Through the classroom, it stalked menacingly.
Reading that sentence, two thoughts perhaps crossed your mind.
One: we will not be winning literary awards anytime soon.
Two: we used a fronted adverbial.
Both are accurate – and both, in their way, set the scene for today’s Grammar Bite: how fronted adverbials are valuable, and when they’re not.
The latter, of course, has a straightforward answer that covers any linguistic feature: fronted adverbials aren’t valuable when used for the sake of it.
For that reason, we should all be wary of any features being construed as pro-forma markers of quality. As our own opening shows, that’s absurd. Writing by numbers is neither good writing nor a good pedagogy for writing.
Still, it’s genuinely unfortunate fronted adverbials have ended up as the go-to Gorgon of the curriculum.
Unfortunate not simply because they’re a real thing, identifiable everywhere from essays to fairy tales – nor because they’re handy for lots of things, including scene-setting, textual cohesion, and emphasis.
It’s because, ultimately, they’re a great way of cuing students into the idea of “placement”: how the positioning of a feature subtly keys the meaning of sentence and text.
Take what is perhaps the classic use of a fronted adverbial:
(1) Once upon a time…
Why begin like this? Well, at a basic level, you immediately help to locate the reader within the world of the text, signaling both its distance from – and potential difference to – their own world. At another level, the formulaic nature of the adverbial itself carries specific connotations. Putting it first draws the reader into these connotations: not just that a story this way comes, but a very specific kind of story.
Seen in these terms, cuing students into fronted adverbials is valuable because it provides them with opportunities to more consciously exploit the meaning potential of initial positionings.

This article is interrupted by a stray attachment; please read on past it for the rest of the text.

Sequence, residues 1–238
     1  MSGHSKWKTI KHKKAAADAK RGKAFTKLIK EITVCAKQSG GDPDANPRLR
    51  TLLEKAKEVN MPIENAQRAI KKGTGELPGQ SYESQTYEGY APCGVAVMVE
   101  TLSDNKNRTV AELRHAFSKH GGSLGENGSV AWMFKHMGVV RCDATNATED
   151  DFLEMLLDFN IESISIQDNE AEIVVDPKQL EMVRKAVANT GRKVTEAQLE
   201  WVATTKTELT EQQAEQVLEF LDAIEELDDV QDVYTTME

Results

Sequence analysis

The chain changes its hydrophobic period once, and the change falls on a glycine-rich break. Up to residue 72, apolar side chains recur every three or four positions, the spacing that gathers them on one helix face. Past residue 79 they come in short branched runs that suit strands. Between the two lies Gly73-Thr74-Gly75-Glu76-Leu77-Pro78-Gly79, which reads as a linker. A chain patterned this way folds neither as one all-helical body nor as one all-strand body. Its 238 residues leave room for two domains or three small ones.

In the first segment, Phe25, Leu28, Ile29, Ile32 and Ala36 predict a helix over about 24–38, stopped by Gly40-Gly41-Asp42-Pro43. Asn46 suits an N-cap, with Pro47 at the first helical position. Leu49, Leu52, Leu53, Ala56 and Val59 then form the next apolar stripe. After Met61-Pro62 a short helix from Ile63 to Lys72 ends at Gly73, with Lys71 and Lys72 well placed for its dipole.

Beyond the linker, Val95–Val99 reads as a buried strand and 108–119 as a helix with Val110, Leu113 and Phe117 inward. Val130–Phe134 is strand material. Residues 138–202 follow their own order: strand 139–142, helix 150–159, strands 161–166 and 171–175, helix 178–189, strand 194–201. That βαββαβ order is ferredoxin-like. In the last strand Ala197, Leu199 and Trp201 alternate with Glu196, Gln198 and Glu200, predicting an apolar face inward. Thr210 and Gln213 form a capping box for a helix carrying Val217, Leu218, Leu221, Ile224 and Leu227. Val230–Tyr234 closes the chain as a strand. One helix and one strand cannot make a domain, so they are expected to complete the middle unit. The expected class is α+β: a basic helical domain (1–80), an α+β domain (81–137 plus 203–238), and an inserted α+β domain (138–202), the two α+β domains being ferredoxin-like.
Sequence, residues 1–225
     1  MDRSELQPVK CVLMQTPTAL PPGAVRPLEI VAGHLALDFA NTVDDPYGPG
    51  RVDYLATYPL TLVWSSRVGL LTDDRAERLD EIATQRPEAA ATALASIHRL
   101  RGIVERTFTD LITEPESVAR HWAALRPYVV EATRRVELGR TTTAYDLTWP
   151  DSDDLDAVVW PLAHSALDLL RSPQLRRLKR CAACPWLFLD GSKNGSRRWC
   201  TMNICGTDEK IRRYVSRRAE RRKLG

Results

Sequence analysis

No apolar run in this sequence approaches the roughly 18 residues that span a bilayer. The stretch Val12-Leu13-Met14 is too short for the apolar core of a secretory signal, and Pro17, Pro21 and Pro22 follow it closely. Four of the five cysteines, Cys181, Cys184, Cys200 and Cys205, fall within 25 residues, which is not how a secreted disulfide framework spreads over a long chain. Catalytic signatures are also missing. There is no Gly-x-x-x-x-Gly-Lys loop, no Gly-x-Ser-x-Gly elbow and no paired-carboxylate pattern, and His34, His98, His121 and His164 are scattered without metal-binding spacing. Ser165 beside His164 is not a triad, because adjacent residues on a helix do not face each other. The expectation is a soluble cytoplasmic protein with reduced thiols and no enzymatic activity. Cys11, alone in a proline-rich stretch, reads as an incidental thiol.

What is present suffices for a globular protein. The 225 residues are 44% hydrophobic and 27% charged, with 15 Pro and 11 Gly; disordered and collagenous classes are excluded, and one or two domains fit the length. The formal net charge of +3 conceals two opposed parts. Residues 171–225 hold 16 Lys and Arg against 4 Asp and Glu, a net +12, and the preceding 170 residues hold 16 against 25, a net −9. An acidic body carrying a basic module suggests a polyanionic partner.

Thus, in (1), the adverbial might serve to reinforce the reader’s expectations, with the student writing of ghouls and goblins.
Equally, the adverbial might be a ploy to then subvert these expectations to their heart’s content; as in (2), for example:
(2) Once upon a time, not long ago, when people wore pyjamas and lived life slow…
Perhaps subtler examples of these opportunities are (3) and (4):
(3) Into the river, he swims like a mad thing.
(4) Very slowly, one by one, add 10 hairs from your own head.
(3), by Karen Wallace, describes part of an eel’s life-course. And what a description! Here, the fronted adverbial breaks open the sentence, throwing us headlong into the river alongside the eel. So doing, it not only heightens the eel’s bursting vitality, it tunes the sentence such that the eel’s subsequent description as some "mad thing" resonates more deeply.
(4), by Roald Dahl, uses two adverbials, "very slowly" and "one by one", using this double fronting to foreground and emphasise how to perform the specified action. Pretty useful information in this context! At the same time, Dahl’s fronting plausibly puts other meanings into play, meanings that the book might or might not further explore. Perhaps there is character information here, for example, indicating a personal concern for the instructee, such that the adverbials wouldn’t be fronted, or even mentioned, for other characters. Or perhaps there are suggestions here about their own experience of the recipe. Certainly, these adverbials make it hard for us to imagine the character with a full set of eyebrows...
Crucially, of course, none of the above takes fronted adverbials to be pro-forma markers of quality. On the contrary, properly cuing students into this feature means appreciating what the fronted bit of the term entails: that adverbials can go in multiple positions that subtly shape a text’s meaning potentials.
Ultimately, it should always be this awareness of flexibility and possibility that frames any focus on fronted adverbials, empowering students to take ownership of this potential for themselves.
Ian Cushing is a teaching fellow in English linguistics at University College London and a doctoral researcher in applied linguistics at Aston University. Mark Brenchley is an associate research fellow at the Centre for Research in Writing at the University of Exeter. He works on the Growth in Grammar project, which is seeking to understand what grammatical development in student writing looks like